Exploring Positano in a Day: Is It Worth the Hype?

Positano shot straight to the top of my bucket list the moment I saw a photo of its multi-coloured hillside houses on my feed. From rows of colourful umbrellas along the shore to stunning dinner spreads on flower-filled terraces with sea views, it looked almost too good to be true. I was immediately captivated and knew I had found the right place to live the “dolce vita” lifestyle.

Pastel hillside houses in Positano, Italy surrounded with green bushes and fuchsia flowers

Sadly, when we began planning our summer trip to the Amalfi Coast, we had to face the harsh reality. Unless we were ready to pay a large sum of money, there was no way we could stay in Positano. We eventually decided to make Salerno, a lovely coastal town at the eastern end, our home base. Still, I just couldn’t be in the area and not visit the place I’d been dreaming of for so long, even if only for a day…

Hillside houses in Positano, Italy with fog-covered mountains in the background
Hillside houses and the mountains in Positano, Italy seen from the ferry to Salerno

How to get to Positano

There are several options available for getting to Positano, depending on your location and budget.

The most cost-effective option is the SITA bus, which connects various towns on the Amalfi Coast. For example, the journey between Sorrento and Positano costs just €2 and takes less than hour. If you sit on the right side of the bus, you can enjoy some magnificent views of the coastline.

At the other end of the spectrum, you can rent a car or hire a private car service. This will probably cost you in three figures, but it is the most convenient and reliable mode of transportation.

If the idea of driving on the winding roads of the Amalfi Coast frightens you, and you would prefer to take the train, keep in mind that Positano doesn’t have its own train station. You will need to catch a train to one of the nearby towns and then continue your journey using alternative transportation.

Two Travelmar ferries in the harbour in Salerno, Italy
A row of boats docked in the port in Salerno, Italy

There is another option that strikes the right balance between convenience and cost – travelling by ferry. We chose to book our ferry from Salerno to Positano online, which at the time of our visit cost €12 per person each way. We arrived a little early so that we could pick up our tickets from the ticket office before boarding.

The journey took a little over an hour and offered a preview of the beauty that awaited us, as the ferry stopped at a few other picturesque towns along the way. If you have room in your budget, I highly recommend taking the ferry.

A ferry docked in the harbour in the town of Amalfi, Italy

What to do in Positano

We arrived in Positano at 9:45 am. As soon as we stepped off the ferry, I was instantly mesmerised by the view that greeted us. Unsurprisingly, it didn’t take long for the first photo opportunity to present itself. Right next to the marina, we found the cutest tiny blue boat docked in the sand. With its white and blue sail, it provided a lovely pop of colour against the backdrop of pastel buildings and mountains that dominate the area. If you can afford it, I imagine the view from an actual yacht would be even more spectacular.

A boat docked on the beach in Positano with hillside houses and mountains in the background
A view of Positano, Italy from the harbour
A man on a fishing boat in Positano with the hillside houses and the mountains in the background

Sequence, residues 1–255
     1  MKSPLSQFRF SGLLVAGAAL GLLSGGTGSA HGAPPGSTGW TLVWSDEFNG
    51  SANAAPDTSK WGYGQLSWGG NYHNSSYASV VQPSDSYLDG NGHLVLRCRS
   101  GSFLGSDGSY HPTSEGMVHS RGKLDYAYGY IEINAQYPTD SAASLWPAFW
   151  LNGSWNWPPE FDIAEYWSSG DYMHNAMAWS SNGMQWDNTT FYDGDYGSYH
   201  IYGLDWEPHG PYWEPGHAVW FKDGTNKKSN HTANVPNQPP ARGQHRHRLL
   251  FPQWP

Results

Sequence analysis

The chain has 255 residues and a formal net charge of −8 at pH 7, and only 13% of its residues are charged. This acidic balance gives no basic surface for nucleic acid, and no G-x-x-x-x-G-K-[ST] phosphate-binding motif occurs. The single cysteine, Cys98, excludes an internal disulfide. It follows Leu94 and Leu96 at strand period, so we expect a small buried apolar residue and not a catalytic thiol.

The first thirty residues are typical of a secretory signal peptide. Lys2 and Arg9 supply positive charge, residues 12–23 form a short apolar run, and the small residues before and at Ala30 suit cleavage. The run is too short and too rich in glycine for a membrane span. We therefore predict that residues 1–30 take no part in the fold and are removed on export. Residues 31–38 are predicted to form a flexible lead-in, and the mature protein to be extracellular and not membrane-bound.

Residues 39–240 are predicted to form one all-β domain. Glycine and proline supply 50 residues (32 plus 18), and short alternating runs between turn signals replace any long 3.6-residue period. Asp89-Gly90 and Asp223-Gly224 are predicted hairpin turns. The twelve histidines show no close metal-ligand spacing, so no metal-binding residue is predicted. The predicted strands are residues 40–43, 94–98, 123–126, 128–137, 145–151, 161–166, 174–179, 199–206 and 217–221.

Enjoy a coffee with a view

Before we could continue exploring, we made a stop for a coffee break at La Brezza, a café right on the beach boardwalk overlooking the bay of Positano. I had a freddo, although the one I mentioned in my Naples guide remains unbeatable to this day! With most coffees costing between €3 and €5, the place was also much more reasonably priced than we expected.

Various chocolate bars in decorative packaging on display at a souvenir shop in Positano, Italy

Relax on Positano’s iconic main beach

Next, we continued walking towards Spiaggia Grande, Positano’s main beach. You may recognise it from photos of girls posing between rows of perfectly symmetrical rows of lounge chairs with striped umbrellas. Unfortunately, we couldn’t recreate those photos, as the beach was closed off when we came and we weren’t allowed to enter without a reservation. We watched from a distance for a while before turning around to see what else the coastal town had to offer.

Rows of colourful striped umbrellas on Spiaggia Grande in Positano, Italy seen from above
Tourists on the beach in Positano, Italy
Boats on the sea in Positano with hillside houses in the background

Enjoy the handiwork of local artists

We passed a lovely elderly man who was selling his paintings of the vibrant hills of Positano. I’m not usually one to take an interest in purchasing artworks, but I could definitely imagine owning one of his creations. The man was truly brilliant!

A stall with various watercolour paintings outside Spiaggia Grande in Positano, Italy

As we started climbing the winding stairs, we came across even more stalls of local craftsmen. Whenever I travel, there are a few essentials I always bring home with me – some postcards, a fridge magnet, chocolate, and a Vogue magazine if a particular country has its own edition. When I saw one of the artists selling hand-painted postcards, I knew I had to get one.

Various hand-painted postcards on display in Positano, Italy

We also stopped at a charming little souvenir shop where I bought a fridge magnet and some lemon-flavoured chocolate for my parents, as well as a dark version for my grandfather. If it weren’t for my carry-on and (most importantly) budget restrictions, I would’ve spent way too long wandering from one shop to another!

Various chocolate bars in decorative packaging on display at a souvenir shop in Positano, Italy

Admire the distinctive Mediterranean architecture